now redeploying, looking for a different set of goalposts if you will, because they do have to address this stuff for their own domestic audience. and of course, to the fact that they still have missiles that they can launch into lviv, and continue to pound away and kharkiv, that is going to go on for sometime. but the good news is that they do not have the ability to sustain land offensive operations to take more territory, which is why we need to start talking about winning instead of talking about avoiding escalation, or racing to get a cease-fire. now is the time to pour on support for ukrainians, to push the russians all the way back at least to the pre 24 february line. >> do you believe ukrainians have the tools, the support they need to do that? >> not yet. look, the united states has done a lot of stuff, as have other allies. i have
been very supportive of the administration's approach up until the last ten days or so. it seems like we have become overly cautious. i don't get the sense of urgency, frankly, coming from the white house or the pentagon about getting the things to the ukrainians that they need. if we are not going to impose ourself a no-fly zone, or something, to help protect these civilians from being murdered, then we have to give the ukrainians the ability to hit what is causing all of the damage. that means russian navy ships and the black sea, for a long range rockets, and firing from many miles away, we can at least provide intelligence about aversion, and give them the tools so that they can sink a couple of russian ships, and hit some of these rocket launchers that are causing all of the damage. we just do not have the sense of urgency. we don't talk about winning yet. i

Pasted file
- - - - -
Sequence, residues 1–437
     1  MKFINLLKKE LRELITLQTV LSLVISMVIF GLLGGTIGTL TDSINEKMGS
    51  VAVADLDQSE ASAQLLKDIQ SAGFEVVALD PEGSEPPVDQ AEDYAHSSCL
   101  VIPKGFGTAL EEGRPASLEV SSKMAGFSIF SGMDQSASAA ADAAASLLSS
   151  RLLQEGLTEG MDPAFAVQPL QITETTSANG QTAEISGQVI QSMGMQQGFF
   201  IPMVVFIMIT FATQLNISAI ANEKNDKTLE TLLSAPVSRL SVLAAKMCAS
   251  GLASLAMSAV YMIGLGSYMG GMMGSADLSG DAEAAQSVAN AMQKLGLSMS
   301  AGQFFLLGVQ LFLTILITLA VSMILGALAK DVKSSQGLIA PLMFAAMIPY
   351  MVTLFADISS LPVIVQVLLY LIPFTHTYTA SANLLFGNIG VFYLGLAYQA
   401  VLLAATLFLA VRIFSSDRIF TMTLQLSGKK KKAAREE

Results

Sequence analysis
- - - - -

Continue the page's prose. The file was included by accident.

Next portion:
think that we need to change our approach there. >> ben, do you see any signs, or did you see any signs of progress in the peace talks today? >> well, i think a couple of things -- first of, all the sign of progress is that the talks are in turkey, and if not in belarus. belarus is definitely a home game for the russians these days. it is a home country to essentially occupy. it shows that there is real mediation taking place. from a nato country, turkey, that has been quite supportive of president zelenskyy. i also think you do see the outlines of what would unavoidably be any negotiated settlement. the big question here though is, people focus on neutrality, they focus on nato status, that is not really the issue. i think everybody understands ukraine is not in nato right now. and it is unlikely that they will join nato in the future. the question is, not only is there the unresolved status of the donbas region where russia has increased the territory it controls, not only is there the question of crimea, which under these talks we heard is going to be discussed
over the next 15 years, but russia has terrorized the city of mariupol, and connected as you are showing on your map right now, that donbas region down through mariupol, down through crimea, they could regroup, they could push in utah, they could try to cut ukraine off the scene. they could try to consolidate their control of a very significant chunk of ukrainian territory to be the basis of the negotiated settlement that putin wants, which is essentially a de facto partition where russia consumes a big chunk of the eastern part of ukraine and cuts them off from the sea. that is something the ukrainians will never accept at the peace table. never. so we still have a long way to go here before there is a possible outcome here that can be agreed to by all sides. i agree with the general in the sense that the russians pull back a little bit from her on, kyiv they will be trying to re-fortify their own positions.
it is important that we do not let up on the and fortune of sanctions. we have seen the little given the sanctions regime over the course of the last couple of weeks. that is natural it would happen. it means you have to really get after reinforcement, and henry supplying the ukrainians themselves, who have gone on the offense around kyiv in ways that have prevented the russians from achieving their aims. prevented them from an circling keep in the same way that they have cities like mariupol. so it is very important that we continue to be that lifeline to ukraine going forward. let's just bring that map back up. if anyone's wondering why the russians continue to impossible mariupol, it is all about the map. they want that region. ben rhodes, ben hodges, thank you very much for joining us this evening. coming up next, madison hawthorne, not someone we cover often hear. for tonight, he is getting a talking to from leader kevin mccarthy, we will find out why when the 11th hour continues. bottles are made to be re-made.